The Black Death, or bubonic plague, occurred between the years of 1347-1351. The rapid emergence of the disease caused by the pathogen Yersinia pestis (formerly Pasteurella pestis) is estimated to have claimed the lives of 30 to 50 percent of the European population at the time. In a paper published this month in the journal Nature, scientists discuss the reconstruction of the genome from samples of bacterial DNA recovered from the teeth of humans believed to have died from the plague.
The reason why genome sequencing of the pathogen is important is because descendants of Yersinia pestis still exist. Though yersinia infection can now be readily treated with antibiotics, it is believed that the particular strain responsible for the death of millions many years ago was much more virulent. Consequently, researchers are able to compare current strains with those of its ancestor to determine what in particular, if anything at all, was different and allowed it to cause so many deaths.
Indeed, as the authors of the study points out, the relative indolent nature of the current strain has questioned whether it was even yersinia that was responsible for the bubonic plague. However, in concluding the authors state:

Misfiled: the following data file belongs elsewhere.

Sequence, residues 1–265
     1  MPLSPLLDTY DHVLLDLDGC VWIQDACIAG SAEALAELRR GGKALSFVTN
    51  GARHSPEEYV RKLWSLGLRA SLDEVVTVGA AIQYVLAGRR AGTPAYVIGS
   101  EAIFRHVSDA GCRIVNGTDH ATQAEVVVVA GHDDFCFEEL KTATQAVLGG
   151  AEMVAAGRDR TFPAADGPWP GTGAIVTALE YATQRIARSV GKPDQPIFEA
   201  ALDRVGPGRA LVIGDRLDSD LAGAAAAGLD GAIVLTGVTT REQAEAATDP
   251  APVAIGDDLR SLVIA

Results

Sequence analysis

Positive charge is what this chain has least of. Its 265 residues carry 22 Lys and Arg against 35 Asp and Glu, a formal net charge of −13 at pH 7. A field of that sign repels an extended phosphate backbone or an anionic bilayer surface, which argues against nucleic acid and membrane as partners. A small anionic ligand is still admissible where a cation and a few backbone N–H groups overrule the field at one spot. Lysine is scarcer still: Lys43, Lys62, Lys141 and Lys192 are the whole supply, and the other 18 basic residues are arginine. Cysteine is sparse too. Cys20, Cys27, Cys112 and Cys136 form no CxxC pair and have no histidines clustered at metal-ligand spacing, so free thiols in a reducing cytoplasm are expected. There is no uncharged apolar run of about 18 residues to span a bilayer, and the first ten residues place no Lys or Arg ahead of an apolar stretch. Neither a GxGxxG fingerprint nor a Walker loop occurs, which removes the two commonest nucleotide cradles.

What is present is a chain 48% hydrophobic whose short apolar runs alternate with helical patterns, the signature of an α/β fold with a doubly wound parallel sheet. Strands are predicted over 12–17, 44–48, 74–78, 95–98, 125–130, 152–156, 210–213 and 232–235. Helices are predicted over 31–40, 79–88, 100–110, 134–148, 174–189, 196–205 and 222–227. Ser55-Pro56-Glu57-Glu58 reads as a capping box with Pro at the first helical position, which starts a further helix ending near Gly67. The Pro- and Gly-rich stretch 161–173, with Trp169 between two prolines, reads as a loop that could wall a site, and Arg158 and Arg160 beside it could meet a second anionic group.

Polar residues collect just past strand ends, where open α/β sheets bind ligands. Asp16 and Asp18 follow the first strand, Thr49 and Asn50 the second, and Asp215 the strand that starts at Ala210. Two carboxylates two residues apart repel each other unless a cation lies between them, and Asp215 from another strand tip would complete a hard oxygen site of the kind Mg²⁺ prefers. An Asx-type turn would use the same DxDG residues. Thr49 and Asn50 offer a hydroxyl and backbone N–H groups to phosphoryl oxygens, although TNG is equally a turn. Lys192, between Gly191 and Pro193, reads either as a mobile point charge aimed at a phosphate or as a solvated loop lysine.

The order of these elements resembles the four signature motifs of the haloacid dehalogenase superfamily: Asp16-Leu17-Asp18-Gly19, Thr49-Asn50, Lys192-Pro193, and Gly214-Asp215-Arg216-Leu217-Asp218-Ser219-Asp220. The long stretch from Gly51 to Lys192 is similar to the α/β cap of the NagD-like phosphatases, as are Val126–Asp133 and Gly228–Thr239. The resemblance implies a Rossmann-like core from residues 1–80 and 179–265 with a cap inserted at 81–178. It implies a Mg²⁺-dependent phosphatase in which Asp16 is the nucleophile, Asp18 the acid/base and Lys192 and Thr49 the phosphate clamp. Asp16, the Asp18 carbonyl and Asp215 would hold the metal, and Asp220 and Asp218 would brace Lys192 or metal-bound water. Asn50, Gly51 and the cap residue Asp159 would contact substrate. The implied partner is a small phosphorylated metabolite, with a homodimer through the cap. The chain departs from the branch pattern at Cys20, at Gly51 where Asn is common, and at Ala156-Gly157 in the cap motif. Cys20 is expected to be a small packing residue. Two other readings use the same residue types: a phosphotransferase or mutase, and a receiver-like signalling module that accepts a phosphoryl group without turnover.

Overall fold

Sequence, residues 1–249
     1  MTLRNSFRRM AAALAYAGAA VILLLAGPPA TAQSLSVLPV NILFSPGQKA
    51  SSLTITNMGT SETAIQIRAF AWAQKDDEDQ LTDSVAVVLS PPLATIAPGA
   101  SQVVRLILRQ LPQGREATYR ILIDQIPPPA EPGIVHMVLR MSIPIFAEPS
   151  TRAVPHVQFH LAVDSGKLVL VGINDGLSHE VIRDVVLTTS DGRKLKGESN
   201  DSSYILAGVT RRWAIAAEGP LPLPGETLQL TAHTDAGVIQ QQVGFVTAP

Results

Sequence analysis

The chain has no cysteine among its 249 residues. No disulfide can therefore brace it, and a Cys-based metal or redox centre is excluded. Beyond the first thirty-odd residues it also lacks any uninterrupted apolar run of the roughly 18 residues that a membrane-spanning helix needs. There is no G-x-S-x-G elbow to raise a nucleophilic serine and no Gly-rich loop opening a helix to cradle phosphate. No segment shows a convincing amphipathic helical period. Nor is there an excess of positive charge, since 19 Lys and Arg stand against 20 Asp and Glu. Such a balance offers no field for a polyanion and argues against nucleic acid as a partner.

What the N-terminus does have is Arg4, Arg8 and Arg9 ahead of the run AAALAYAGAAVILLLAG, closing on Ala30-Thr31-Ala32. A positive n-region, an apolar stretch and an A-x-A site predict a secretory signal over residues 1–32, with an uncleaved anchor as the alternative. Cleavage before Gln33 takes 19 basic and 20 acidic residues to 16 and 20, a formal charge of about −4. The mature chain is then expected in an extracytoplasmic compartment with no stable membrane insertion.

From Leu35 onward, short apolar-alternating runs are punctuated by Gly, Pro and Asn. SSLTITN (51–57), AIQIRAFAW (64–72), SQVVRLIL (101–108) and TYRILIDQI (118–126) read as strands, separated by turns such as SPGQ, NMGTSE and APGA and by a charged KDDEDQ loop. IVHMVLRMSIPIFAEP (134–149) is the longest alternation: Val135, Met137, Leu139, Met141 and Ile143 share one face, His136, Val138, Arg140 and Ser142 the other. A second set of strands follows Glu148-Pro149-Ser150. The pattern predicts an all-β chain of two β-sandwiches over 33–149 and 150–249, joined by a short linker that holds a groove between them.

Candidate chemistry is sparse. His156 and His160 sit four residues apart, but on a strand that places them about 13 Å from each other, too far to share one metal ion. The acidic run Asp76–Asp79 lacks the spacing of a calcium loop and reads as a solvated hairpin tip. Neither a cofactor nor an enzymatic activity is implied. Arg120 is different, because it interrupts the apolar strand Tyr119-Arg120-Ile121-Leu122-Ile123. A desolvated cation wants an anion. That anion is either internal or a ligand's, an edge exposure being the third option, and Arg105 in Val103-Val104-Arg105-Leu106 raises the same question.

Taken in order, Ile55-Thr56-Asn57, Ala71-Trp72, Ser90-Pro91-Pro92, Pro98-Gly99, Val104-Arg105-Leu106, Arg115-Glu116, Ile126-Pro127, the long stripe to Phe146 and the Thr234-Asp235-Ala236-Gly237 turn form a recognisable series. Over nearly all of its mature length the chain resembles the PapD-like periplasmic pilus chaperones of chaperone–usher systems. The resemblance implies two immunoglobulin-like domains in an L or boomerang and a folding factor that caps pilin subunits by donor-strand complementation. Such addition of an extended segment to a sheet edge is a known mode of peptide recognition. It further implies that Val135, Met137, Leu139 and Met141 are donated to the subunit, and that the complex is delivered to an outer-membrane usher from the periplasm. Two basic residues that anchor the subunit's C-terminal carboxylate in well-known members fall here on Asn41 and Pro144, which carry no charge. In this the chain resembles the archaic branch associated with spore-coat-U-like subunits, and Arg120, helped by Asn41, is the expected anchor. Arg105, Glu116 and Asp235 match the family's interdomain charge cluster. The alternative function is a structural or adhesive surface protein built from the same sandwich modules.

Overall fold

"...we have reconstructed a draft genome for what is arguably the most devastating human pathogen in history, and revealed that the medieval plague of the fourteenth century was probably responsible for its introduction and widespread distribution in human populations."
The information that will be gained from evaluating the deadly disease and comparing it to more harmless strains that currently exist will give researchers the potential to learn about our past susceptibility to the pathogen and perhaps prevent any similar future strains' capacity to cause similar devastation.
- A draft genome of Yersinia pestis from victims of the Black Death (Nature, October 2011)